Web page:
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The standard text of havdalah includes not only a statement formally acknowledging that Shabbat or Yom Tov has ended, but also a series of distinctions - of things that stand in contrast to one another. This tradition stems from the statement of Rabbi Elazar quoting Rabbi Oshaya that at least three such distinctions are to be included in the havdalah blessing, but no more than seven. Rabbi Yehoshua ben Levi comments that ideally the model of the havdalah blessing should be distinctions made in the Torah itself.
Although the Gemara does include examples of Biblical distinctions (e.g. between holy and profane, between light and darkness, between Shabbat - the day of rest - and the six working days of the week), it is interesting that one of the most basic statements in the Torah is left out. In Shmot 26:33, the Torah teaches that when building the Mishkan, there is a parohet that separates between the Holy and the Holy-of-Holies. Some argue that the parohet is a man-made object that divided the Mishkan. In havdalah we are searching for distinctions that were developed by God himself. Others point out that the separation of the parohet no longer exists, as opposed to the other examples, which are eternal. Perhaps the simplest explanation is the one put forward by the Me'iri, who argues that the statement of distinction made when a Yom Tov falls out immediately after Shabbat - bein kodesh le-kodesh ("between holy and holy") - stems from the separation of the parohet in the Mishkan, which is the source for the concept of distinguishing between two levels of holiness.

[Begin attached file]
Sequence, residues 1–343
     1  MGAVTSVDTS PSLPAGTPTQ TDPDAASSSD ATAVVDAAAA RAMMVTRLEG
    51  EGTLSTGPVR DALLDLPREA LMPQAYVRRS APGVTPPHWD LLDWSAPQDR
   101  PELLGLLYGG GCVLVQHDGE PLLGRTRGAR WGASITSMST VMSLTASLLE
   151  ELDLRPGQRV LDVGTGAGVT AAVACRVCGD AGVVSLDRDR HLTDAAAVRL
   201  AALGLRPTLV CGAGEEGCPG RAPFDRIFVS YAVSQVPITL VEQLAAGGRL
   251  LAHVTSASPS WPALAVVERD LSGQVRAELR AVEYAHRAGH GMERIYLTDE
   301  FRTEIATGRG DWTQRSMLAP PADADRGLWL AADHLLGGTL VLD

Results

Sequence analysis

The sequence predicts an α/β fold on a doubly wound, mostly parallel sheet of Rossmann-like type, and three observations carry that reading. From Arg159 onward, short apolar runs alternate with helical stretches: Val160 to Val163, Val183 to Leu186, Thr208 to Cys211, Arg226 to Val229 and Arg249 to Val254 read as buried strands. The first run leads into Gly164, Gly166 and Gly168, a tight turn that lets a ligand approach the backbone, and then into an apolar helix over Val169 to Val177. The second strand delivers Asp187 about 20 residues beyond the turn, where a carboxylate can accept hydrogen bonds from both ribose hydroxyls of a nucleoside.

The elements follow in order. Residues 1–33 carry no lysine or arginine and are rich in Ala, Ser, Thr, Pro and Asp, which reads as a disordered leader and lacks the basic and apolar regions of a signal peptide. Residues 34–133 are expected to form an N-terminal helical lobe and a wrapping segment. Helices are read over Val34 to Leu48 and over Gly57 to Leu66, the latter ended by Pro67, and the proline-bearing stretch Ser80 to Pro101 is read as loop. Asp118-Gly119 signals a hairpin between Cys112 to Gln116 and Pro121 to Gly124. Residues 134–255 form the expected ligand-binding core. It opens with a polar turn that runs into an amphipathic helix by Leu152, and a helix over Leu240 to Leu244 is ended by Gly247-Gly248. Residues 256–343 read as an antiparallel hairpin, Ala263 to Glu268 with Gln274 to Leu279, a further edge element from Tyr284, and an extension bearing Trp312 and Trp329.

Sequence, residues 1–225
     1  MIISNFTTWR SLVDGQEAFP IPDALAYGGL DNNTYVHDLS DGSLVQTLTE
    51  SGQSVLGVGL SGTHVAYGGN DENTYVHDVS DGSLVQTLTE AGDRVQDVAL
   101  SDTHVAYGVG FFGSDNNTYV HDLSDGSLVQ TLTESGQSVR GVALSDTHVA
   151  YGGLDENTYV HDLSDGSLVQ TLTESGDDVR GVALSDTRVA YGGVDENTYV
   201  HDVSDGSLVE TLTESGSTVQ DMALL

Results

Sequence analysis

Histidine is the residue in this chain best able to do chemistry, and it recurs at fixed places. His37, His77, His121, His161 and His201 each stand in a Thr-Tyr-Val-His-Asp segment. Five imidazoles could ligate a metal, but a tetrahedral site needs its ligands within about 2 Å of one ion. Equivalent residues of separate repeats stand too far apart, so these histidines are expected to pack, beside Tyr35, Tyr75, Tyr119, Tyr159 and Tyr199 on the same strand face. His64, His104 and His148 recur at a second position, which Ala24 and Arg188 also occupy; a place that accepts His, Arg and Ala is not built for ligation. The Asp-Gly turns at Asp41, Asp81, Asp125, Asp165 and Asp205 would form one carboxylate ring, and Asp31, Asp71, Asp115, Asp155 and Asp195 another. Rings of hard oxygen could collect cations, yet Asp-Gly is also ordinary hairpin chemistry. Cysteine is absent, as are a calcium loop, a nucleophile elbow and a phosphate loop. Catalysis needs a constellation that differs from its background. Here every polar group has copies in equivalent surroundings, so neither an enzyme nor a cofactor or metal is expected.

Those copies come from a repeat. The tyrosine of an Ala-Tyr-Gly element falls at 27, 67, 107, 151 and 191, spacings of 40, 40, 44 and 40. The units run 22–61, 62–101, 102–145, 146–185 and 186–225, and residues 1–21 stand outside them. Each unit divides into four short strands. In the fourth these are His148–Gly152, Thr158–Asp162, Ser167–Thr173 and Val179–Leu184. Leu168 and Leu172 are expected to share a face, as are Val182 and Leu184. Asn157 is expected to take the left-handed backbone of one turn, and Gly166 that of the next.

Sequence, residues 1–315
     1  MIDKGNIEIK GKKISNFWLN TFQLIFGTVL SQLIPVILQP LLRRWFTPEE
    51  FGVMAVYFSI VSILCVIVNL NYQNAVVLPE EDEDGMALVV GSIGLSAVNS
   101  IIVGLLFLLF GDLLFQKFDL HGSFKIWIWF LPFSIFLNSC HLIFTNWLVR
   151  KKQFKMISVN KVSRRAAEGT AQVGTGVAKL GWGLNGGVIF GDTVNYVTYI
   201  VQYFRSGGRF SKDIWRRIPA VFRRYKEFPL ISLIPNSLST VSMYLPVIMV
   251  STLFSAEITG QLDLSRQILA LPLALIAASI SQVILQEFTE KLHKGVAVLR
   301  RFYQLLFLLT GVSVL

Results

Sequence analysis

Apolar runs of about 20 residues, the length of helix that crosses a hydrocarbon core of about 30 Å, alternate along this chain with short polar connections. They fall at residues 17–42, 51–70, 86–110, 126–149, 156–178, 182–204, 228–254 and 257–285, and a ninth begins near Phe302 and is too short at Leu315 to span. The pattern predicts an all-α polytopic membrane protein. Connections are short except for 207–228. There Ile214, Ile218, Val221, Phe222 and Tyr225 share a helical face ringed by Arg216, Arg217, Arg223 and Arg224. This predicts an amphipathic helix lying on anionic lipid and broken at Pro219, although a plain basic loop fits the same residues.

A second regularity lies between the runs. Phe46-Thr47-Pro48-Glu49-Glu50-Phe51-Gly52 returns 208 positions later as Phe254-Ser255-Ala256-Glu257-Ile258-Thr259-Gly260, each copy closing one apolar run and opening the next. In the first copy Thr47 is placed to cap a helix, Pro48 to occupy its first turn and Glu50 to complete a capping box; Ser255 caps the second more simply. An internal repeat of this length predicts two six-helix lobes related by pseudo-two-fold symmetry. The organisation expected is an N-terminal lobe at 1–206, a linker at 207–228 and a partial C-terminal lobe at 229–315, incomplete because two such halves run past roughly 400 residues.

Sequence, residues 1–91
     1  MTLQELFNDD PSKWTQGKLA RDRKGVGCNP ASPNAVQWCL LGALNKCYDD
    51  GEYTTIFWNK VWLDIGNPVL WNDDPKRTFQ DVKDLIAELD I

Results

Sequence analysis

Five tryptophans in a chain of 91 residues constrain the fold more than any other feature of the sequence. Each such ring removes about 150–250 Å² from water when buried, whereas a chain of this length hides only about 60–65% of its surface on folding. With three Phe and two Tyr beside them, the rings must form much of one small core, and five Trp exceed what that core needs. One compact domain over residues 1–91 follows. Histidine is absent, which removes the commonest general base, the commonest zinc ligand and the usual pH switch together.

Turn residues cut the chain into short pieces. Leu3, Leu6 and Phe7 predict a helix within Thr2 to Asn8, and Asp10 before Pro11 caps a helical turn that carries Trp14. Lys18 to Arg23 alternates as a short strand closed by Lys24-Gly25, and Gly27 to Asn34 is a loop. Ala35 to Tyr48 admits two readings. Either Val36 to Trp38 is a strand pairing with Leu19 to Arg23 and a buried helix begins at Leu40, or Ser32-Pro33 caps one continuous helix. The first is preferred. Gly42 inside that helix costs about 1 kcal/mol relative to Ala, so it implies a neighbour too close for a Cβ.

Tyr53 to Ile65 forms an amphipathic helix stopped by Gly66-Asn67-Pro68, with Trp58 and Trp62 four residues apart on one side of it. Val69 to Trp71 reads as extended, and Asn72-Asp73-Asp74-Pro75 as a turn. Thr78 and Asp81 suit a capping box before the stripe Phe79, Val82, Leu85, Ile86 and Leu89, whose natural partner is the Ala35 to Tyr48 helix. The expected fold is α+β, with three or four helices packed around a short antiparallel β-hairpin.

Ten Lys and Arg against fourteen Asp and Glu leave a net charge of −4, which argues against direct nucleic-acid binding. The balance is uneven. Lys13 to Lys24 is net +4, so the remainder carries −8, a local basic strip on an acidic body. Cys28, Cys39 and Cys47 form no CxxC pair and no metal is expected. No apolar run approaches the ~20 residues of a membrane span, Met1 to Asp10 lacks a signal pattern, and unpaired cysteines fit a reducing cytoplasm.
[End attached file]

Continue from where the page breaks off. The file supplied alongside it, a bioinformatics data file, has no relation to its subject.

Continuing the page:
This discussion notwithstanding, the Gemara quotes Rabbi Yohanan as saying that bnun shel kedoshim (=the son of a holy person) included only one statement of distinction when making havdalah, even though the common tradition is to make three such statements. The Gemara explains that Rabbi Menahem bar Sima'i - who is identified as bnun shel kedoshim - is known as such because he refrained from looking at the image that appeared on a zuz coin (see diagram).
Many of the coins minted by the Greeks and Romans included images of actual idols, which would, therefore, make them forbidden like any manifestation of avodah zarah. It should be noted, however, that the images of Greek and Roman kings that appeared on the coins also were problematic in that the kings often presented themselves as gods - at least to the provincial folk.
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Next: Pesachim 105a-b